Democratic Party (Japan)

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Democratic Party
Japanese name Minshintō
President Renhō
Secretary-General Yoshihiko Noda[1]
Founded 27 March 2016; 15 months ago (2016-03-27)
Merger of Democratic Party of Japan
Japan Innovation Party
Headquarters Nagatachō, Chiyoda, Tokyo, Japan
Ideology Big tent
Liberalism (Japan)
Social liberalism[2]
Political position Centre to Centre-left[3]
International affiliation None
Colors      Blue
49 / 242
97 / 475

The Democratic Party (民進党, Minshintō), abbreviated as DP, is the main opposition political party in Japan.[4] The party was founded on 27 March 2016 from the merger of the Democratic Party of Japan and the Japan Innovation Party.[5]


The party's Japanese name Minshintō combines "min" from minshu ("democratic") and shin (, "advance, progress"), not shin (, "new") from ishin (innovation).[6]



On 24 February 2016 the Democratic Party of Japan (DPJ) and the Japan Innovation Party (JIP) announced that they were to merge at a special convention on 27 March to form a new opposition party in order to better compete with the ruling Liberal Democratic Party (LDP) in an Upper House election that was scheduled for later the same year.[7][8][9][10] On 4 March 2016, the DPJ and JIP asked the public for suggestions for a name for the merged party.[11] On 14 March 2016, the name of the new party was announced as Minshintō (Democratic Progressive Party), the most popular shortlisted name among polled voters and preferred by the JIP, beating Rikken Minshutō (Constitutional Democratic Party) that was preferred by the DPJ.[6] On 18 March 2016, the official English language title of the new party was announced as the Democratic Party.[12] On 22 March, the DPJ announced that 4 sitting Representatives from Vision of Reform would join the party at its launch.[13]

The new party was founded on 27 March 2016 with the leadership consisting of Katsuya Okada as party president, Yukio Edano as secretary-general and Shiori Yamao as policy chief.[14] The party platform committed to protecting the existing pacifist Japanese constitution, and stating opposition to the "Abenomics" policies of Prime Minister Shinzō Abe.[15][16][17]

2016 House of Councillors election[edit]

The election on 10 July 2016 was the first major election contested by the new party. Following the merger, the party entered the election with 62 seats in the 242-seat House, with 45 of those 62 seats being contested. During the nomination period, the party signed an agreement with the Japanese Communist Party (JCP), Social Democratic Party and People's Life Party to field a jointly-endorsed candidate in each of the 32 districts in which only one seat is contested, uniting in an attempt to take control of the House from the ruling LDP–Komeito coalition.[18] Despite the agreement, Democratic Party leader Okada stated that forming a coalition government with the JCP would be "impossible" in the near future due to some of the "extreme leftist policies" promoted by the JCP.[19]

The party had a total of 55 official candidates contesting the election, the same number as the DPJ in the 2013 election and the third-most behind the LDP and Communist Party.[20] 33 candidates contested the single- and multi-member districts and 22 were in the party's list for the 48-seat national proportional representation block.[20] A further 15 independent candidates contesting single-seat districts were endorsed by the party. The party suffered a considerable defeat at the hands of the ruling coalition, losing 13 seats overall. Five of the 15 endorsed independents were also elected, including two that claimed seats formerly held by retiring Democratic Party members.[21] Following the loss, Okada announced he would not seek re-election as leader at the party's annual meeting in September.[22]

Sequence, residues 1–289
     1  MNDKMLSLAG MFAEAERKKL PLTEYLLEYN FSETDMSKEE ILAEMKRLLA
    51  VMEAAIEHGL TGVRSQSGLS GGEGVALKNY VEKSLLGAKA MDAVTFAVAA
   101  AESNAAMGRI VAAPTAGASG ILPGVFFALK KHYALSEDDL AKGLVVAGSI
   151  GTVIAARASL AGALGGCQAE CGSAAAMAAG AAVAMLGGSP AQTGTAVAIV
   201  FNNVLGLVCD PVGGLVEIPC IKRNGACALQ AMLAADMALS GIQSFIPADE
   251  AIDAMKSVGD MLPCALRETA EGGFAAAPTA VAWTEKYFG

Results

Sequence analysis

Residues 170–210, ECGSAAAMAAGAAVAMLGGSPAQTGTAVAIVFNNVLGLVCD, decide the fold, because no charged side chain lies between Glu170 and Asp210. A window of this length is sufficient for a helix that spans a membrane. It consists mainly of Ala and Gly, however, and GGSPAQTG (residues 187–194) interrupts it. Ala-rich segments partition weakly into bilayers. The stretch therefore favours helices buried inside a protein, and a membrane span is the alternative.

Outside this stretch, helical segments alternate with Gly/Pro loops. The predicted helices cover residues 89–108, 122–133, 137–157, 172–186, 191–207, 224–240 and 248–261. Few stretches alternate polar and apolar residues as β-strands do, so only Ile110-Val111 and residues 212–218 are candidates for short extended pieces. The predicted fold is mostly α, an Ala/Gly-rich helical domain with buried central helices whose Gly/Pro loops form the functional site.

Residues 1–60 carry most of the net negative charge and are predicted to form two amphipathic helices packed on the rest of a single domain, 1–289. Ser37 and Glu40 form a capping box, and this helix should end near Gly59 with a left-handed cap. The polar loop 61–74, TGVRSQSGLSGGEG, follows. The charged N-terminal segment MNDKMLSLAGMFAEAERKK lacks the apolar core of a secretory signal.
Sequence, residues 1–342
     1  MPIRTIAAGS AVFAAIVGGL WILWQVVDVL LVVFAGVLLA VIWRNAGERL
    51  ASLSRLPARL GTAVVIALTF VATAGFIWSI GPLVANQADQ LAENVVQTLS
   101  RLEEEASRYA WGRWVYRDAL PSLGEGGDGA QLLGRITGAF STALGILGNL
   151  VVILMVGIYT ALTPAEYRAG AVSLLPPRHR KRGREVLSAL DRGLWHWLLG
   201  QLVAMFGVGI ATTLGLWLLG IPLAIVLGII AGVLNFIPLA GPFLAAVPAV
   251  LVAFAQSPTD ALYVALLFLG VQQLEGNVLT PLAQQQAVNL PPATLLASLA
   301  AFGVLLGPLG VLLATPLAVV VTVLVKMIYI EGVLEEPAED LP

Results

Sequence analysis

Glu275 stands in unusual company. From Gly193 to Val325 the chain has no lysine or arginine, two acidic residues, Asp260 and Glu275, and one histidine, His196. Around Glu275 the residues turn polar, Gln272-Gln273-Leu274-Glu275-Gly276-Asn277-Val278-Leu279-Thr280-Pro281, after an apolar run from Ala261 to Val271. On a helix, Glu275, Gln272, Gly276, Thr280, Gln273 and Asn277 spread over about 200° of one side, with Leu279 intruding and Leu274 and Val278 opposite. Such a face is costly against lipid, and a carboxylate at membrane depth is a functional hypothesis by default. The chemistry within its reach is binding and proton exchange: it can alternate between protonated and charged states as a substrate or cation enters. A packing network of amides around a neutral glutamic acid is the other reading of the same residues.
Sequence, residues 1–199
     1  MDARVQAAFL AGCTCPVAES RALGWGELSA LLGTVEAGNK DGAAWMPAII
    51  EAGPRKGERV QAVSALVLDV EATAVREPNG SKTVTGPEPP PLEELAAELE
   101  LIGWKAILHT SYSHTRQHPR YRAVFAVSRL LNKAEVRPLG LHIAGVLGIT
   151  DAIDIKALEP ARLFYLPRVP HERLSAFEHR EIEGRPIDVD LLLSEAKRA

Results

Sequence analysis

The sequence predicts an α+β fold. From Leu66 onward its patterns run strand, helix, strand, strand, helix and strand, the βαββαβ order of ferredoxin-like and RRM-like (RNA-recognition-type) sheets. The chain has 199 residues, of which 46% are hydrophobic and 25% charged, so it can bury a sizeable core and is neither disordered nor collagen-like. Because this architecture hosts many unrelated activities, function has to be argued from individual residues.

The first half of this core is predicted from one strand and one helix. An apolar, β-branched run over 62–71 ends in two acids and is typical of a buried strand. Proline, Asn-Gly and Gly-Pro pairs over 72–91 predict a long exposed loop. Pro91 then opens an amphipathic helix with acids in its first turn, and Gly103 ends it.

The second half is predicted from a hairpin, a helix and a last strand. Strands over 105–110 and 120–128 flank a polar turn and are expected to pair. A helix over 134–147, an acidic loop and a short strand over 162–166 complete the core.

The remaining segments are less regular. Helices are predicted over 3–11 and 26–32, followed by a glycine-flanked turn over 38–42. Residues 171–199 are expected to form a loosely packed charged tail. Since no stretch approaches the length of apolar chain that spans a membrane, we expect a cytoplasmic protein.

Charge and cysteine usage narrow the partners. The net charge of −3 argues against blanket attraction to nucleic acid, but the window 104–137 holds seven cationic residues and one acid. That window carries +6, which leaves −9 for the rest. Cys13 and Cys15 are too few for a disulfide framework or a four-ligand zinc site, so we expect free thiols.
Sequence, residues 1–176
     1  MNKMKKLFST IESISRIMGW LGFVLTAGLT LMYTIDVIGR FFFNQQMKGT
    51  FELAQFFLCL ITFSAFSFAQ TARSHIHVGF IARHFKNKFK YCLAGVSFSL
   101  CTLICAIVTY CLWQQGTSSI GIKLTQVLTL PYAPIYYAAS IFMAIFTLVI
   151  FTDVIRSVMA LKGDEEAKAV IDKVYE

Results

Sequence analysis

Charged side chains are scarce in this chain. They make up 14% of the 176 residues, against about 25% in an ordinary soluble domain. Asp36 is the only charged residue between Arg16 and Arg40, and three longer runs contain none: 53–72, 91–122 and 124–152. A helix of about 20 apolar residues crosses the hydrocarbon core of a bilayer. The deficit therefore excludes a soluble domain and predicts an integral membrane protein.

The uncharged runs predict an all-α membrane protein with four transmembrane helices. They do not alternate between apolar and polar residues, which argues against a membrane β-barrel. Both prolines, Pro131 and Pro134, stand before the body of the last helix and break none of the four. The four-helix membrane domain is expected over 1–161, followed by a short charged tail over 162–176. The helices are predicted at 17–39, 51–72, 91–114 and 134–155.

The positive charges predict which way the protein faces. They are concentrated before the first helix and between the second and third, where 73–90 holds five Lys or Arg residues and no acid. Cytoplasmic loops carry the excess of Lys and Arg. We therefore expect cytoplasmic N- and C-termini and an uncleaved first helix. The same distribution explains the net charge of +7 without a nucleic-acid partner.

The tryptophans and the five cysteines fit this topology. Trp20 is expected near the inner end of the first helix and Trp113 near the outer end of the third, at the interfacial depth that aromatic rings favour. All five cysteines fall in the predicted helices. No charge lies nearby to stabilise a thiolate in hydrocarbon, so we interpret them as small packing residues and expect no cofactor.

The policies of the DP differs little from the policies of its predecessor, the DPJ, with policies such as increasing diversity, contributing to world peace, preserving democracy, and promote prosperity.[14] They are considered to be open-minded in terms of North Korea, with one member of the party saying that doing nothing would not be responsible.[23][24] The DP, like its Democratic Party predecessor, is opposed to nuclear power.[25] The DP wants to raise the minimum wage of Japan.[14]

Presidents of the Democratic Party[edit]

No. Name Term of office Image Election results
Took office Left office
Katsuya Okada
岡田 克也
Okada Katsuya
27 March 2016 1 October 2016 Minister Okada.jpg Interim President
see former DPJ 2015 election
1st Renhō
村田 蓮舫
Murata Renhō
1 October 2016 Incumbent Renho Minshu 20130714.jpg see 2016 election


The Democratic Party, like its predecessor Democratic Party of Japan, is composed of factions originating in the Liberal Democratic Party, Japan Socialist Party and the Democratic Socialist Party, augmented by the merger with the Japan Innovation Party. Significant factions existing within the party include:

  • The Eda-Matsuno Group or the ex-Japan Innovation Party group (旧維新の党グループ Kyū Ishin no tō gurūpo) led by Kenji Eda and Yorihisa Matsuno, composed of the mostly Tokyo-centred group of the Japan Innovation Party that merged to form the Democratic Party in 2016 (the Osaka-centred group is now Nippon Ishin no Kai).
  • The Kan Group or the "National Structure Research Council" (国のかたち研究会 Koku-no-katachi kenkyūkai) of former Prime Minister Naoto Kan, a moderate centrist group.